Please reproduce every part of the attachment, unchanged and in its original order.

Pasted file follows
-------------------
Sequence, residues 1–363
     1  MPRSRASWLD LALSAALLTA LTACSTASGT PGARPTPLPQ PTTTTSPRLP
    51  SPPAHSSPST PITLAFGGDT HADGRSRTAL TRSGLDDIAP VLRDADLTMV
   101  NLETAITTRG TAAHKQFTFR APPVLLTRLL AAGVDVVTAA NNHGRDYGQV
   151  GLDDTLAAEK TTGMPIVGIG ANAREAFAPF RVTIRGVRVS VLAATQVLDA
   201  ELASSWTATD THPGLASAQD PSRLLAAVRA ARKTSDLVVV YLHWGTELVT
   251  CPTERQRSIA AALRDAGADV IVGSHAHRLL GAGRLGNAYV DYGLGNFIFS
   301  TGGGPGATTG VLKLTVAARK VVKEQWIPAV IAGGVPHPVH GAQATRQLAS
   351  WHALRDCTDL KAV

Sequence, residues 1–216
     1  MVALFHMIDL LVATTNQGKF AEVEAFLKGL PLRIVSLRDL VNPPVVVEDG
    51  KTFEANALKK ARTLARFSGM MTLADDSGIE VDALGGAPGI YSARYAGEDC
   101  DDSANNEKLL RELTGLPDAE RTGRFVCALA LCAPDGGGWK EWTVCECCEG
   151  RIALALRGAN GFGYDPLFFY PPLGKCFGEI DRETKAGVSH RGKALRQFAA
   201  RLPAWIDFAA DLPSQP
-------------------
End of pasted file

Sequence, residues 1–363
     1  MPRSRASWLD LALSAALLTA LTACSTASGT PGARPTPLPQ PTTTTSPRLP
    51  SPPAHSSPST PITLAFGGDT HADGRSRTAL TRSGLDDIAP VLRDADLTMV
   101  NLETAITTRG TAAHKQFTFR APPVLLTRLL AAGVDVVTAA NNHGRDYGQV
   151  GLDDTLAAEK TTGMPIVGIG ANAREAFAPF RVTIRGVRVS VLAATQVLDA
   201  ELASSWTATD THPGLASAQD PSRLLAAVRA ARKTSDLVVV YLHWGTELVT
   251  CPTERQRSIA AALRDAGADV IVGSHAHRLL GAGRLGNAYV DYGLGNFIFS
   301  TGGGPGATTG VLKLTVAARK VVKEQWIPAV IAGGVPHPVH GAQATRQLAS
   351  WHALRDCTDL KAV

Sequence, residues 1–216
     1  MVALFHMIDL LVATTNQGKF AEVEAFLKGL PLRIVSLRDL VNPPVVVEDG
    51  KTFEANALKK ARTLARFSGM MTLADDSGIE VDALGGAPGI YSARYAGEDC
   101  DDSANNEKLL RELTGLPDAE RTGRFVCALA LCAPDGGGWK EWTVCECCEG
   151  RIALALRGAN GFGYDPLFFY PPLGKCFGEI DRETKAGVSH RGKALRQFAA
   201  RLPAWIDFAA DLPSQP